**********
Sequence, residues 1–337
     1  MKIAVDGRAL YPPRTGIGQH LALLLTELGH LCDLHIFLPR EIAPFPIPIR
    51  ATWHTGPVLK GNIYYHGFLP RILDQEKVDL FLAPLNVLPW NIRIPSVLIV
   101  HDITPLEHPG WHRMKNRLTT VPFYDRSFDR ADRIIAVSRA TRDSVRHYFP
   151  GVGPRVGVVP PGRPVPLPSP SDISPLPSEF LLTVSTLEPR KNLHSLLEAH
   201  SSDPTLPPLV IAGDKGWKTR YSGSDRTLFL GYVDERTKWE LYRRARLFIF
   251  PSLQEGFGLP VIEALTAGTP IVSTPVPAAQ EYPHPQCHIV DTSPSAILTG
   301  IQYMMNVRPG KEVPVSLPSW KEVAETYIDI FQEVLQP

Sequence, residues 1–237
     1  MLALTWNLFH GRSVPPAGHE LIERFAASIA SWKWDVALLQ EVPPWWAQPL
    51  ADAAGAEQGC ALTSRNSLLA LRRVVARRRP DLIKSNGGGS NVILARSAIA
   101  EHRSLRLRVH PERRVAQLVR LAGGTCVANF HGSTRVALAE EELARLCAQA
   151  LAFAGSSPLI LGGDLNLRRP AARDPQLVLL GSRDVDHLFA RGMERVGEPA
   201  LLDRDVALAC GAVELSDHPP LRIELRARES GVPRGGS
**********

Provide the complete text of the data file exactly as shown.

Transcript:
Sequence, residues 1–337
     1  MKIAVDGRAL YPPRTGIGQH LALLLTELGH LCDLHIFLPR EIAPFPIPIR
    51  ATWHTGPVLK GNIYYHGFLP RILDQEKVDL FLAPLNVLPW NIRIPSVLIV
   101  HDITPLEHPG WHRMKNRLTT VPFYDRSFDR ADRIIAVSRA TRDSVRHYFP
   151  GVGPRVGVVP PGRPVPLPSP SDISPLPSEF LLTVSTLEPR KNLHSLLEAH
   201  SSDPTLPPLV IAGDKGWKTR YSGSDRTLFL GYVDERTKWE LYRRARLFIF
   251  PSLQEGFGLP VIEALTAGTP IVSTPVPAAQ EYPHPQCHIV DTSPSAILTG
   301  IQYMMNVRPG KEVPVSLPSW KEVAETYIDI FQEVLQP

Sequence, residues 1–237
     1  MLALTWNLFH GRSVPPAGHE LIERFAASIA SWKWDVALLQ EVPPWWAQPL
    51  ADAAGAEQGC ALTSRNSLLA LRRVVARRRP DLIKSNGGGS NVILARSAIA
   101  EHRSLRLRVH PERRVAQLVR LAGGTCVANF HGSTRVALAE EELARLCAQA
   151  LAFAGSSPLI LGGDLNLRRP AARDPQLVLL GSRDVDHLFA RGMERVGEPA
   201  LLDRDVALAC GAVELSDHPP LRIELRARES GVPRGGS